by Ethan Stewart
After nearly a year of researching and polling local teachers, UniDev finally presented the draft results of a controversial feasibility study to the Santa Barbara School Board about the possibility of building high-density affordable homes for school employees on two district-held properties. The presentation was attended by nearly 75 neighbors of the Hidden Valley and Tatum properties, all of whom — despite living in Santa Barbara and Goleta, respectively — expressed their concern and upset over the possibility of increased density in their neighborhoods.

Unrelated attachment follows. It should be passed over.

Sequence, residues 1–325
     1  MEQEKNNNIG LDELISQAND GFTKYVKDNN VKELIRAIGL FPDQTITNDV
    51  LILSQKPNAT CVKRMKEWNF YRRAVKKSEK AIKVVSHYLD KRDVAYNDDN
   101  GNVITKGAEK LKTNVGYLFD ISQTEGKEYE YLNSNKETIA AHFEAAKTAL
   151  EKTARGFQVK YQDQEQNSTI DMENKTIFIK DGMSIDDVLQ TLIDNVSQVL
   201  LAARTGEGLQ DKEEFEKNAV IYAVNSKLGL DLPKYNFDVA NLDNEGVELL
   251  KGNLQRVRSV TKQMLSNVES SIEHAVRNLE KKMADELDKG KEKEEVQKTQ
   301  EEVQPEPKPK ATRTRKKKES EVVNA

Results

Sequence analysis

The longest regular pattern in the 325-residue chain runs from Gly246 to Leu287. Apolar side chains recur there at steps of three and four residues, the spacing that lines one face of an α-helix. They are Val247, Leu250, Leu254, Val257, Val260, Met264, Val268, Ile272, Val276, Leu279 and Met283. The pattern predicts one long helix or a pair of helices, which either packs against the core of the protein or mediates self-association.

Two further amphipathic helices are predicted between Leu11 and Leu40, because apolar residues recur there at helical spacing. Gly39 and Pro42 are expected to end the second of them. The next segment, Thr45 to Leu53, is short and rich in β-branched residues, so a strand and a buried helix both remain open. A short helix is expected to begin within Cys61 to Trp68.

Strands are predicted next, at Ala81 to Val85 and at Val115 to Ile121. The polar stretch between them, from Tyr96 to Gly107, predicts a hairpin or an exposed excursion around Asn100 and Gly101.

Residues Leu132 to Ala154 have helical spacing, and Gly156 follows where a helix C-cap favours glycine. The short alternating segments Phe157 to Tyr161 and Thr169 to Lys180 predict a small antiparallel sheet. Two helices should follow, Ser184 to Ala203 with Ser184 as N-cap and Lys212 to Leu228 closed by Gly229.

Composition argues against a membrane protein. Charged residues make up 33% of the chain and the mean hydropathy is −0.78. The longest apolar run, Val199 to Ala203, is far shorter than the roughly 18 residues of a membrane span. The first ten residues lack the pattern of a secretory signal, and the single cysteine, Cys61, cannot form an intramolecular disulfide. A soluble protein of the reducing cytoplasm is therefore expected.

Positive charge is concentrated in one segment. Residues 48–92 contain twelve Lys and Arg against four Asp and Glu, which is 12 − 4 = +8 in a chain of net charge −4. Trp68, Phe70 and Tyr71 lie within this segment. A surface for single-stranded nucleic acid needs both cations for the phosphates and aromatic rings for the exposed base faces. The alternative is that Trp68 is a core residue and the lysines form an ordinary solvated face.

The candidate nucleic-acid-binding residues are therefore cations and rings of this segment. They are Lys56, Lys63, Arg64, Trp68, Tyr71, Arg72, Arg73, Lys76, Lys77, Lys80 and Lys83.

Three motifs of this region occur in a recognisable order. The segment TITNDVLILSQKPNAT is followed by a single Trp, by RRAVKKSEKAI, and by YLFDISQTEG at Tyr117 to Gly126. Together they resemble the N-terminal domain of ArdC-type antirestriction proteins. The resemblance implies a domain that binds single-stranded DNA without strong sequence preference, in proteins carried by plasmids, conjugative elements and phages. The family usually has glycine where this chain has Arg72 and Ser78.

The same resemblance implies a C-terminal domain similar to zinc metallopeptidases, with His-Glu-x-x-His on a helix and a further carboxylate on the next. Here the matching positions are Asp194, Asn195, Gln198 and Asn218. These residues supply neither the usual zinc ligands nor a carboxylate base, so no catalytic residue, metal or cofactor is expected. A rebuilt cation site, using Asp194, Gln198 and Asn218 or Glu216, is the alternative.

Faced with tight budgets in both the elementary and high school districts, as well as annual drops in attendance and teacher retention difficulties, the district contracted UniDev — a Maryland-based development firm — to conduct a study on the building potential of their 12.5-acre Hidden Valley holding and the 22.8-acre Tatum site. A majority of this week’s hearing was dedicated to the explanation of high-density affordable teacher housing with 99-year ground leases. The 75-page study suggests that the Hidden Valley area could generate anywhere from $8.6-$20.1 million. For the Tatum site, UniDev speculates funds generated could run from $11-$25.5 million. However, it was the increased density and affordable options that was the subject of ire for dozens of attendees. Speakers rallied against the increase in traffic and resulting safety issues, as well as the loss of beautiful open space. Several speakers questioned the integrity of the study, as UniDev stands to make 6 percent of any revenue generated from building projects. Their concerns were echoed by board member Dr. Bob Noel, who said, “Structurally you don’t go to a company that has vested interests to get unbiased answers.” This week’s hearing marked the beginning of a 60-day comment period on the draft study that will conclude later this fall with a public presentation of UniDev’s final results.